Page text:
Friday, August 29, 2014

A Briefcase Full of Dreams

Where were you in ’78? I was 21 years old, trying to make a place for myself in a world of adults.  My clients were musicians, but the people who paid me were businessmen, and I had to make a good impression.

That meant button up shirts, a nice pen in my pocket, and the ultimate professional accessory . . .  a real leather briefcase.  Fifty dollars was a lot of money for me then, but I must have chosen well ‘cause it’s still in good shape today . . .


Outside – quiet and conservative.



Inside – rock and roll passes and sound engineer business cards told the rest of the story.  No corporate drone here! 
  • A card from M Kluczynski, president of Britro, Pink Floyd’s sound company;
  • Backstage passes from Phoebe Snow, Duke Ellington, Talking Heads, The New Riders of the Purple Sage, Roxy Music;
  • A faded pass for the James Montgomery Band says Manager;
  • A pass for the Return of KISS at Madison Square Garden says Crew;
  • Stickers for Sola power supplies and MXR special effects.

Underneath, I had a receipt book so I could get money, diagrams of amplifiers I might have to fix, schematics for things I'd just thought up, and bills I struggled to pay.  It was a hand to mouth living in those days, but it was a fun time, too.  It was a time of sadness, excitement, discovery, and adventure.  I probably should have died a dozen times over, but I'm still here.  There aren't any pictures from those days because there wasn't any time for photos. I had to work! And work I did.   

Those shows were the stuff of dreams for a sixteen year old failure and a high school dropout.  Yet they all came true, five short years later. But like all dreams, they changed and evolved.  

Ten years later, I’d left music behind and I was an electronics executive

Ten years later, I’d left electronics behind and I was restoring and fixing cars

Ten years later I was photographing performers and thinking about writing a book


I could never have predicted any of that, when I bought that briefcase.  I remembered it all when my mother and my wife Maripat found it stored away, and brought it back to life for my birthday.  It just goes to show . . . . you really never know . . .

12 comments:

Karen Williams said...

I finished my first year of college in 1978. And I'm finishing my last year of college in December. Yippee! Only 36 years to get a BS.

Gordon Taylor said...

Struggling with undiagnosed major depression, and a few things they didn't have a name for yet. Asperger's and PTSD. Crash landed a few times, but any landing you can walk away from is a good landing. I somehow survived the mountains of madness with my soul intact, or at least close to it.

Gordon Taylor said...

And I was living and dying with the Red Sox. And almost died when they lost that big lead in September. Doesn't seem so bad now compared to what happened in 2011, although by then, I have manged to put sports into perspective. A bunch of millionaires playing a kids game that's fun to watch, but don't let it run your life.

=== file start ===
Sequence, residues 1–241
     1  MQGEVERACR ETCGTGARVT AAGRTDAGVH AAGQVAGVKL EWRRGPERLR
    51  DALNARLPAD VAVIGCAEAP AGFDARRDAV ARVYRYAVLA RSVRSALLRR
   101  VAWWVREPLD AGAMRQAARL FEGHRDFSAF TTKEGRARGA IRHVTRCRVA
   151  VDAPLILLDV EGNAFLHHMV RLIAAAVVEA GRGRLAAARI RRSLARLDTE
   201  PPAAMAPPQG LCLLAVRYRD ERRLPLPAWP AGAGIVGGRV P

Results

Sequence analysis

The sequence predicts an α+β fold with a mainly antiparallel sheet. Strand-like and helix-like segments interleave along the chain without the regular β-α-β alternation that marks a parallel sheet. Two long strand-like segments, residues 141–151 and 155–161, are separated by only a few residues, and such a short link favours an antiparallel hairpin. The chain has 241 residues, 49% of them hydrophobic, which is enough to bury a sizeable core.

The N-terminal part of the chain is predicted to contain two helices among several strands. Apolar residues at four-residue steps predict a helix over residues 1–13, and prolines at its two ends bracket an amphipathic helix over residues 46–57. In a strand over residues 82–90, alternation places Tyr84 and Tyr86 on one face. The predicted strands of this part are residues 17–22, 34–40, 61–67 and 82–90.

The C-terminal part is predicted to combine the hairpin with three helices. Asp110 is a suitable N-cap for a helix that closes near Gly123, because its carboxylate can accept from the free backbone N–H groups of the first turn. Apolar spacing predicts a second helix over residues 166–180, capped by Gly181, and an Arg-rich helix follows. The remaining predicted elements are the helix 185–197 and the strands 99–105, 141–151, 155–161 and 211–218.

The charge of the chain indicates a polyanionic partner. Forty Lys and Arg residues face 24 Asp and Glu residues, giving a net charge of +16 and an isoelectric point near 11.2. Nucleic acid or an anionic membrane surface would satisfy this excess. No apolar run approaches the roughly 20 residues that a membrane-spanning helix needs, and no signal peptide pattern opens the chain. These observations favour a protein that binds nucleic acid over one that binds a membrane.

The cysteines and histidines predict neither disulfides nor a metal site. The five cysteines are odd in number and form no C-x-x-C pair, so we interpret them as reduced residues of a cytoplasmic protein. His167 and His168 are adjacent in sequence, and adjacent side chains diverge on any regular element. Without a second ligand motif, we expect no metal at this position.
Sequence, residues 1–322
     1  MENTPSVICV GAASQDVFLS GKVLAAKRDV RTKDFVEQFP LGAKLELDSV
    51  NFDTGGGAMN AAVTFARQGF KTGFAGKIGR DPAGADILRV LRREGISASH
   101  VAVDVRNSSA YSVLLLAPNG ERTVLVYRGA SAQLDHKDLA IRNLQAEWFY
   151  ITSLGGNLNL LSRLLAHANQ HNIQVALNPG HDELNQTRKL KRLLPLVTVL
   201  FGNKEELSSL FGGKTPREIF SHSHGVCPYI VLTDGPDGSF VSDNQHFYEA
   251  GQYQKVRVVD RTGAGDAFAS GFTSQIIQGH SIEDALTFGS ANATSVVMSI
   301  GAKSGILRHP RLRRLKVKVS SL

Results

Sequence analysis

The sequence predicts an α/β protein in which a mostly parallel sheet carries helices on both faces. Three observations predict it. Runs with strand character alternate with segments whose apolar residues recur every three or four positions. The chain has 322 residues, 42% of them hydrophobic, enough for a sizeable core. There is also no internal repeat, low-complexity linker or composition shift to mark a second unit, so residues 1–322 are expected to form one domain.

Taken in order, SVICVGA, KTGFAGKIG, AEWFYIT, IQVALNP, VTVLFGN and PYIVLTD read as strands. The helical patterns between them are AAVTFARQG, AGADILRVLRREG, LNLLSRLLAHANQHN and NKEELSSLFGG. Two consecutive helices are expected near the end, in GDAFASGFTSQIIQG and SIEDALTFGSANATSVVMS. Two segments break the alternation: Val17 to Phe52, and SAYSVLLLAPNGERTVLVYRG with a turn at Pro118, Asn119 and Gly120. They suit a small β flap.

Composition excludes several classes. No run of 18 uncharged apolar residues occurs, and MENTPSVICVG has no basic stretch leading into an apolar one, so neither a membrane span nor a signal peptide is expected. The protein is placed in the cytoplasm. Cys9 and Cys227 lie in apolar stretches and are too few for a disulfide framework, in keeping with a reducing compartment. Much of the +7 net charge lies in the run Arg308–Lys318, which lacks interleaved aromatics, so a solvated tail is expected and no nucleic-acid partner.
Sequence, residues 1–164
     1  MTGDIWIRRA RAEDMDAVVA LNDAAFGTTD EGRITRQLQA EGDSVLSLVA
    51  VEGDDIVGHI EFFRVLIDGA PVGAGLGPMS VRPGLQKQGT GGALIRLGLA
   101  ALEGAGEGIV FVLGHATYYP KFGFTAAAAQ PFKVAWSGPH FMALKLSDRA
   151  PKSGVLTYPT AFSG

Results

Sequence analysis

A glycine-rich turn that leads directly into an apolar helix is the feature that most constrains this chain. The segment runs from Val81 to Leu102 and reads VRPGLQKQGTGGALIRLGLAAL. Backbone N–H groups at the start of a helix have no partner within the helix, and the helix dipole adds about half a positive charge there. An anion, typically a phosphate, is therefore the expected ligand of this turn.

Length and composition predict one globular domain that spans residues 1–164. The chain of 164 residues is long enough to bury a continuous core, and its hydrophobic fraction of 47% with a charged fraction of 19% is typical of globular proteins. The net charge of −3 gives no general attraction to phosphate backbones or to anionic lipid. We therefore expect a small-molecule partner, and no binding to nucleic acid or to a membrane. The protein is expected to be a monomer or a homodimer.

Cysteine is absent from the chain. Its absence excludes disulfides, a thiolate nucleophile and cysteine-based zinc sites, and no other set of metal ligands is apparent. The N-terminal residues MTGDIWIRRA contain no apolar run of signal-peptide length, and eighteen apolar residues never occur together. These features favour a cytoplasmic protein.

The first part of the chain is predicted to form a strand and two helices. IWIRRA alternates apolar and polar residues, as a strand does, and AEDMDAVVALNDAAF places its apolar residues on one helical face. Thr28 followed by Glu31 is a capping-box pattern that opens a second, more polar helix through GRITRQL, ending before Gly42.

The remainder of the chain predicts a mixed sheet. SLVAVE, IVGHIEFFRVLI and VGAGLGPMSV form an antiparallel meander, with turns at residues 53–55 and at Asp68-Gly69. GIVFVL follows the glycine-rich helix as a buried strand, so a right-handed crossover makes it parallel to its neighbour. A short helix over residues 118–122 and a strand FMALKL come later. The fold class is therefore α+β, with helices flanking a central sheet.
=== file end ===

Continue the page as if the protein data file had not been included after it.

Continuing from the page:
Mom McDee said...

Awesome birthday present - thanks for sharing it with the rest of us!

Mom McDee said...

And I was 2 years out of high school.

Jean Petree said...

I quit music school for the final time.

Cherie Apers said...

Waiting until next month to be born ;)

Keitha Granville said...

1978 - started a business with my husband and our friend specialising in the uncertain world of theatre. 36 years later, still here, still doing it. What a fabulous time it has been.

Lynn G said...

I'd just gotten married for the second time and had started a new job. I was 24, almost 25. Still married to the same guy. Who would have thought?

Amanda Kirkebye said...

John,
I am absolutely freaking out with excitement. My son was diagnosed with Aspergers in June '13. At the time I looked up books about it and yours came up, so I put it on my wish list. This week I found myself wondering seriously if my husband has it, and your book was suggested by a woman online whose husband has Aspergers. I recognized the cover and immediately bought it. When I realized your brother wrote the series of books I devoured this summer I was even more intrigued- it was as if I was meant to find your book. NOW THIS. I read the part about your tinkering with audio equipment and fixing and modifying it for musicians. I thought, my father's best friends Terry Sherwood and Al Miller did this in the '60s!!! Terry founded MXR with Keith Barr and my father and mother worked with them, helping with packaging. We have old MXR shirts that we treasure. My father died in 99 at 50, and we recently lost Terry, who I considered a second father, My question is did you know them since you had the same interests? I am dying to know!
-Amanda Stark Kirkebye, Pittsford, NY

Amanda Kirkebye said...

Oh... And to answer that question, I was 2 years old and my parents were laboring on the side for MXR ;)

John Elder Robison said...

I remember meeting the people from MXR but I can't say I knew them.